Approximately 102,000 Americans visited Kenya in 2007.

Updates from the Friendly Skies

American Airlines, including American Eagle will start charging $25.00 for that second checked bag on May 12. JetBlue is charging $20.00. United, US Airways, Continental, Air Canada, Delta and Northwest are already charging $25 for the second bag. Alaska & Horizon will start charging $25 this summer. Spirit Airlines charge $10 for each bag/no free bag at all. The airlines are raising fares also at the moment up to $110.00 roundtrip. Ticket change fees are also up from $100.00 to $150.00 and calling your airline will also cost you more from now on.

A new rule to compensate passengers who are denied boarding because of an oversell by the airlines goes into effect next month. If you are involuntarily bumped you will/should receive up to $400 if you are rescheduled to arrive at your destination within two hours of your original arrival time or four hours for international flights, and up to $800 if you are not rerouted within that time frame. Look for the airlines to redefine the definition of “denied boarding”.

The airline dilemma as I see it: 5 airlines, Aloha, ATA, Eos, Maxjet, Skybus and Nationwide (in South Africa) have gone out of business recently and mergers between the big ones, Delta & Northwest, United and Continental or USAir are looming, fuel costs are sky-rocketing, so expect higher prices and less space available in the crowded skies. The regional airlines are struggling too. With charges for snacks, earphones, alcoholic drinks, the second checked bag, preferable aisle and window seats, look for the airlines to start charging for early boarding to make sure your carry-ons find space in the overhead etc. This is annoying of course especially when getting less legroom, no pillows or blankets or magazines, but who said the airlines should not be allowed to make a profit? I want them to be profitable so they maintain their planes here at home and get us to our destination safely and with our checked luggage and on-time. What happened to the friendly skies? You tell me!

Tuesday, April 1, 2008

New Passport Rules Delayed

ALL PERSONS traveling by air outside of the United States are required to present a passport or other valid travel document to enter or re-enter the United States.

The following summarizes information available on the Department of Homeland Security’s website.

CURRENTLY: U.S. citizens need to present either (a) a passport, passport card (available in spring 2008), or WHTI-compliant document; or (b) a government-issued photo ID, such as a driver’s license, along with proof of citizenship, such as a birth certificate.
LATER:On June 1, 2009, the U.S. government will implement the full requirements of the land and sea phase of WHTI. The proposed rules require most U.S. citizens entering the United States at sea or land ports of entry to have a passport, passport card, or WHTI-compliant document.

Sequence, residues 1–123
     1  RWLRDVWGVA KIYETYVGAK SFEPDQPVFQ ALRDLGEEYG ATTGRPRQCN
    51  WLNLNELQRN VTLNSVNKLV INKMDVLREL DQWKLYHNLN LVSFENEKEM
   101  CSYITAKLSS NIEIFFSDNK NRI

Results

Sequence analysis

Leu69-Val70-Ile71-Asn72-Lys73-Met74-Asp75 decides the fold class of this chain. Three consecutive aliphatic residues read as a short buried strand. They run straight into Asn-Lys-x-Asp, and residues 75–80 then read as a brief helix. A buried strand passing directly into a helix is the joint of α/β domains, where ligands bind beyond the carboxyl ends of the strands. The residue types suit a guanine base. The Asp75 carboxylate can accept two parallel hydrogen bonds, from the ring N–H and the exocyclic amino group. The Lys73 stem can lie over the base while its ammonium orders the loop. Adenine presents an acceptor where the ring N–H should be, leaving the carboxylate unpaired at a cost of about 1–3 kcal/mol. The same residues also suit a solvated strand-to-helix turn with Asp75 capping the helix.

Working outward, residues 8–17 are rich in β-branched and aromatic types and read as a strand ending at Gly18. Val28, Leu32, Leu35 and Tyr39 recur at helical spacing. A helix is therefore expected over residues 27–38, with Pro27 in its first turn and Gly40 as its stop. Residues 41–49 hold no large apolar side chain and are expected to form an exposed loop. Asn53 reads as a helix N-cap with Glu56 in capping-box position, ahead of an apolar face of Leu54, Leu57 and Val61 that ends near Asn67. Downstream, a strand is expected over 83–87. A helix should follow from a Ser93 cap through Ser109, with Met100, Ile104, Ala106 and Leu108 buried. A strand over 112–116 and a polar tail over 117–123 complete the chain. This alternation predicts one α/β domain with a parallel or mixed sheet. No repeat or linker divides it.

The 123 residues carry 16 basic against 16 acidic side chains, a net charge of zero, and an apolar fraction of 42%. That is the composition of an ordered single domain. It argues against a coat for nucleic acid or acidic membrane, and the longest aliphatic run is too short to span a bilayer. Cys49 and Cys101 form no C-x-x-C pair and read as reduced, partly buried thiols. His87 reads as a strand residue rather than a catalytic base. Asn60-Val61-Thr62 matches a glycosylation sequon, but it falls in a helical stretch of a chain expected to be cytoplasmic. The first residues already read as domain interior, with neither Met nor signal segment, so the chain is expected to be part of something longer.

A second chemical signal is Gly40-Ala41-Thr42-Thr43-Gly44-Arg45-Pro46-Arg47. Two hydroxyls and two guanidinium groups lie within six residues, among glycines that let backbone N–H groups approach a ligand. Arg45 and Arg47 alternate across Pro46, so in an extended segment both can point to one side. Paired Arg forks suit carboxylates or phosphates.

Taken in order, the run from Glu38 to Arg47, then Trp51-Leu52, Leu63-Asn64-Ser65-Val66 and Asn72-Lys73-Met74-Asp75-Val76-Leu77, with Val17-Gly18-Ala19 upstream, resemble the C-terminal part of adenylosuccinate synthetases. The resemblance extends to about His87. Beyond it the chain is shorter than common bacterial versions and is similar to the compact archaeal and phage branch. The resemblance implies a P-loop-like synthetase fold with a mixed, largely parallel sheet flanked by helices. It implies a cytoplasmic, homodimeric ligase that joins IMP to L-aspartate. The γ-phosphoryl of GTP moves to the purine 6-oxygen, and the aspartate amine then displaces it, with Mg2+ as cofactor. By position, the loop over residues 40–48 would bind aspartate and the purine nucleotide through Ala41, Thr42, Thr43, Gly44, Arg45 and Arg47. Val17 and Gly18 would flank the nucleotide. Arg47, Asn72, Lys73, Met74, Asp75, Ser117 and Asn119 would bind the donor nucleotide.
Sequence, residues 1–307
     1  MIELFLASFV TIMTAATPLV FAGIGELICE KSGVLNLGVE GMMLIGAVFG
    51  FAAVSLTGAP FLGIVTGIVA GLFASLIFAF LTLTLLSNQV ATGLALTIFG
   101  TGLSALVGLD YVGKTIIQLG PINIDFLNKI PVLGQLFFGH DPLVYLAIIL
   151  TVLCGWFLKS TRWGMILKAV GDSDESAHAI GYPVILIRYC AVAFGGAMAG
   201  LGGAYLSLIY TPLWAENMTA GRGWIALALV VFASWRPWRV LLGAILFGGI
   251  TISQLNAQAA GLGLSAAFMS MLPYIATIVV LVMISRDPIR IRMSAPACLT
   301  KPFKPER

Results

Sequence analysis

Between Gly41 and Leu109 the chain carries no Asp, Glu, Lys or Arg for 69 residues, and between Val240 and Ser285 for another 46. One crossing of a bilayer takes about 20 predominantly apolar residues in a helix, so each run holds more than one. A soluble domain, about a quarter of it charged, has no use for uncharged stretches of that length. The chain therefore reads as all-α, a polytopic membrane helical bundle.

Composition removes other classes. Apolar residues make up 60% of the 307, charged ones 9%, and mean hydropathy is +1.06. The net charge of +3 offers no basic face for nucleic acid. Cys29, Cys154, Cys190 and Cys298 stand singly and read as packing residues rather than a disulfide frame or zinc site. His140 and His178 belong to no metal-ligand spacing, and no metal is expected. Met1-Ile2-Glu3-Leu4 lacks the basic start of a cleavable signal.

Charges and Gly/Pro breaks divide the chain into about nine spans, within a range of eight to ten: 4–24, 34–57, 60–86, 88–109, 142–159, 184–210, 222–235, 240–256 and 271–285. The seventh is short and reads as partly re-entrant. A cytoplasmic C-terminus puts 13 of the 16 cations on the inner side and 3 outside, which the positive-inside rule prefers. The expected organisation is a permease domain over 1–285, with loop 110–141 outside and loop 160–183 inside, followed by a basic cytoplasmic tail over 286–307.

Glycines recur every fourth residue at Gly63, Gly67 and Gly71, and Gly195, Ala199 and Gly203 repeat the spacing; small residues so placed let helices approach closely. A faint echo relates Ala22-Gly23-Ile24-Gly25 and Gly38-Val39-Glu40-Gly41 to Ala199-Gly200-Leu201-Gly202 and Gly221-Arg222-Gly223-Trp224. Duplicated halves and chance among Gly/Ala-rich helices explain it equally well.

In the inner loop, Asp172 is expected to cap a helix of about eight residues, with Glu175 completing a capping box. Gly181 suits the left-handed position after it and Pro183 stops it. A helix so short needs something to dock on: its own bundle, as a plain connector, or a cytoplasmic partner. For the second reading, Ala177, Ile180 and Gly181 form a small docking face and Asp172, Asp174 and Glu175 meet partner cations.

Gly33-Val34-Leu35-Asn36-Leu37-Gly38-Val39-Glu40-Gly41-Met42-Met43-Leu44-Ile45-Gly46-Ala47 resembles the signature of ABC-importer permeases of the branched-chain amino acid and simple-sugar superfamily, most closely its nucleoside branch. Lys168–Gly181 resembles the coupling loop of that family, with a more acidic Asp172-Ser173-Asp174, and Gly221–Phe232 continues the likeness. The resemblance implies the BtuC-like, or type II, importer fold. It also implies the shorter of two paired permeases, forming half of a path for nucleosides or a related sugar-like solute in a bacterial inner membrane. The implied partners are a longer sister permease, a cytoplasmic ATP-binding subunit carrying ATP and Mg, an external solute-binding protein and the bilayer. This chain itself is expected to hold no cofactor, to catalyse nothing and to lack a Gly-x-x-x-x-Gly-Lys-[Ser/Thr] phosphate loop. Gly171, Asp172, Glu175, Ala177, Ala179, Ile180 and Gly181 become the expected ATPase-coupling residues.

Note: The passport requirement does NOT apply to U.S. citizens traveling to or returning directly from a U.S. territory.

U.S. Passport: U.S. citizens may present a valid U.S. passport when traveling via air, land or sea between the U.S. and the aforementioned Western Hemisphere countries.

The Passport Card: U.S. citizens may begin applying in advance for this new, limited-use, wallet-size passport card beginning February 1, 2008. We expect cards will be available and mailed to applicants in spring 2008. When available it will only be valid for land and sea travel between the U.S. and Canada, Mexico, the Caribbean region, and Bermuda.

WHTI-Compliant Travel Documents for U.S. citizen travel via land or sea, as of January 31, 2008:

  • Trusted Traveler Cards (NEXUS, SENTRI, or FAST)
  • State Issued Enhanced Driver’s License (when available)
  • Enhanced Tribal Cards (when available)
  • U.S. Military Identification with Military Travel Orders
  • U.S. Merchant Mariner Document when traveling in conjunction with official maritime business
  • Native American Tribal Photo Identification Card
  • Form I-872 American Indian Card
For further information see U.S. Customs and Border protection.

Saturday, March 29, 2008

Airlines now charge $25 for a second bag

Two major airlines, United Airlines and US Airways, have recently announced a new baggage policy that will require consumers traveling in economy class to pay a $25 fee for checking a second bag. This new policy applies for tickets bought after February 4th (US Airways) or after February 26th (United) for traveling within the 50 United States, Puerto Rico, US Virgin Islands or Canada on or after May 5, 2008. Other carriers are expected to follow.

Delta hasn't felt the need so far to tell you that beginning May 1, the fee will go into effect. It doesn't matter whether you booked your flight well before that date; if you're flying after May 1, you're paying for that second piece of luggage. At Delta, the fee affects both domestic and international flights (though business- and first-class and SkyMiles holders won't have to pay).

Northwest Airlines today announced changes to its luggage policies for coach class customers traveling within North America. For coach class travel on or after May 5, 2008, Northwest Airlines is matching several other U.S. network carriers and implementing a $25 charge for the customer’s second checked bag. The fee is applied each way. Coach class customers may continue to check one piece of luggage free of charge. These policies also apply to Northwest Airlink customers flying on Mesaba, Pinnacle or Compass Airlines.
Northwest Airlines’ Silver, Gold and Platinum WorldPerks elite customers, SkyTeam elite customers and passengers booked in full fare classes (Y or B) may still check two bags free of charge. Customers booked in first class can continue to check up to three bags free of charge.

All airlines currently allow one free checked bag, one carry-on and a personal item, such as your purse or laptop computer.